The Food Standards Agency (FSA) updates its food allergen and information technical guidance for labelling.

The update will affect how food businesses should use Precautionary Allergen Label (PAL). The PAL will remain non-mandatory, but the FSA stated that its use can “help consumers make safe and informed choices” when it comes to food.

The FSA’s guidance has been separated into three key areas:

  • Only apply a PAL if there is an unavoidable risk of allergen cross-contamination which cannot be sufficiently controlled by segregation and cleaning.
  • Specify which of the 14 major allergens the PAL refers to – for example, using “may contain peanuts” rather than a generic “may contain nuts” statement.
  • Use PAL statements in combination with a ‘vegan’ label where a risk of cross-contamination with an allergen has been identified. A ‘vegan’ label communicates different information to a ‘free-from’ claim, which is food safety information aimed at different consumer groups.

The guidance also includes information as to why businesses should not use a PAL statement alongside a free-from statements and has also updated their best practice for the use of No Gluten Containing Ingredient (NGCI) statements for food businesses.

Allergen cross-contamination can easily happen causing a risk that an allergen can enter the product accidentally during the production process. This can sometimes happen when several food products are made on the same premises.

The FSA states “aims to support food businesses when applying allergen labelling, while helping to keep consumers safe”. While the use of PAL is voluntary, it is important that it should be as accurate and helpful to consumers as possible when it is applied. The updates to this guidance will help businesses to effectively manage allergens, and ensure those living with food allergies and intolerances get the greatest possible benefit from PAL,”.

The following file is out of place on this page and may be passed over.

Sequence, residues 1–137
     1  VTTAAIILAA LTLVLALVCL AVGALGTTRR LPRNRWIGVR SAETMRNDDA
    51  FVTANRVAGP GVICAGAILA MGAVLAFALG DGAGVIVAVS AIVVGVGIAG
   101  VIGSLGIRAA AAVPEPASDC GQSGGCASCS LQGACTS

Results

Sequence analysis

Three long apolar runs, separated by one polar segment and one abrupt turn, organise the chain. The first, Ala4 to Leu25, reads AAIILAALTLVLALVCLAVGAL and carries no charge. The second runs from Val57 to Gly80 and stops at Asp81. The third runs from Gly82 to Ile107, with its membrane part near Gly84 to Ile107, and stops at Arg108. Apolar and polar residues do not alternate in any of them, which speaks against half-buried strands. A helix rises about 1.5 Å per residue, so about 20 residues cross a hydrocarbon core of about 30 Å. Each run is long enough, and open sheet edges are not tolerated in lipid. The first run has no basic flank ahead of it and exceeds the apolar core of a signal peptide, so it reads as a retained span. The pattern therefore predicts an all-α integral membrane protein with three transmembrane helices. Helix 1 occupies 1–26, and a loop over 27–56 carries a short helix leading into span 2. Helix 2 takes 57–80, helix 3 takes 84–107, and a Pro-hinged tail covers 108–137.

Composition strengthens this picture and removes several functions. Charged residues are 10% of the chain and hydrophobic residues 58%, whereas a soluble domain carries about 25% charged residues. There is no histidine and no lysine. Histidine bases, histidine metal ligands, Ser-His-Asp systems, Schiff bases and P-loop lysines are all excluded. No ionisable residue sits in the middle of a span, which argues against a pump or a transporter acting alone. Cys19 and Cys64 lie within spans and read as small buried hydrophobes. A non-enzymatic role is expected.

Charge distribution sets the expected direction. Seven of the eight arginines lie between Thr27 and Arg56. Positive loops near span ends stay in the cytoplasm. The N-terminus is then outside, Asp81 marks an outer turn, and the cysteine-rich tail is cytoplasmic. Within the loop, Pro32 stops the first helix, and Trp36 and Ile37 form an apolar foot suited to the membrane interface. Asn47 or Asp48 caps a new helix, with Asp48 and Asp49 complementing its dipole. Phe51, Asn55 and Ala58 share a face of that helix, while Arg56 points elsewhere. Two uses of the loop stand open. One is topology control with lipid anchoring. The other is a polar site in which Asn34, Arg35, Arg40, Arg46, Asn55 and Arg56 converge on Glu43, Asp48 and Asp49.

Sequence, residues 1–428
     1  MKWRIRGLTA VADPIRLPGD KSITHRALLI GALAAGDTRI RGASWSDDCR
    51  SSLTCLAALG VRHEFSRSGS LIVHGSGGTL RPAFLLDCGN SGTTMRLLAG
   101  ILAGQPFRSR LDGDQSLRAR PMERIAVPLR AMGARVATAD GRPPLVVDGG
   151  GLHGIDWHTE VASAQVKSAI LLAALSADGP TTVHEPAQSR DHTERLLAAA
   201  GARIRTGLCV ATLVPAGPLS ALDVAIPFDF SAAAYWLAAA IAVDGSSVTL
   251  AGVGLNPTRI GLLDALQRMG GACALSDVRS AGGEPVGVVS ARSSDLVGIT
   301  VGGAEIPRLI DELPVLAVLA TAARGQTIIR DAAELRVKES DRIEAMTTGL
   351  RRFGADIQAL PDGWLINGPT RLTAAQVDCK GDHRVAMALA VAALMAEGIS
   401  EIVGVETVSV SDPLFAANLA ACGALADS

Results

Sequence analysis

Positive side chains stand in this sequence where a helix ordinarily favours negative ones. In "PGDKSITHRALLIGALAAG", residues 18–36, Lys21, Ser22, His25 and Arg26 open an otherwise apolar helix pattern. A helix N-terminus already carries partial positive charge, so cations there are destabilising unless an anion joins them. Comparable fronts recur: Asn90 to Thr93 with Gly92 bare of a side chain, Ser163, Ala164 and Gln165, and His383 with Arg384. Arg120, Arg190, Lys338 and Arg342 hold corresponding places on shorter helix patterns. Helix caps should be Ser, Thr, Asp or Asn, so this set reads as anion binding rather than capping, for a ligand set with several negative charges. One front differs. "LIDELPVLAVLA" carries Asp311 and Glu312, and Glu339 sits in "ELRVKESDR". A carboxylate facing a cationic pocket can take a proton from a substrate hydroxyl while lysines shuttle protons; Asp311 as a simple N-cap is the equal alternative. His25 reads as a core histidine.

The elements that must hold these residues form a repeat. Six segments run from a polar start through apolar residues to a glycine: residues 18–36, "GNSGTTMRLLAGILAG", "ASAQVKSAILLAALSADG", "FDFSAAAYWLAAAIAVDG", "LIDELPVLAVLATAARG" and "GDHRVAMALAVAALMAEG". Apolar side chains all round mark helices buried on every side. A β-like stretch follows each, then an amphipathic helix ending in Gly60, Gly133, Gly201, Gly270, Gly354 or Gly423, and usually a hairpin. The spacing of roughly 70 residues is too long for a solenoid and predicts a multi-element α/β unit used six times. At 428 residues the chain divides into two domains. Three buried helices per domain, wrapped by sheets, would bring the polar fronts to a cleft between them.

Said Natasha Smith, Deputy Director of Policy at the FSA.

Recently, Liljia Polo-Richards wrote an article for New Food surrounding vegan labelling and common misconceptions when it comes to allergens. In Smith’s comment regarding the update, she claims that the new guidance “helps make clear the distinction between a ‘vegan’ claim, and a ‘free from’ claim”.

“A vegan claim is not about food safety, and our new guidance highlights that a PAL statement for any or all of molluscs, eggs, fish, milk and crustacea (foods that are both regulated allergens and animal products) can be used to communicate a risk of their unintended presence, where this has been identified by a food business’ risk assessment,” concluded Smith.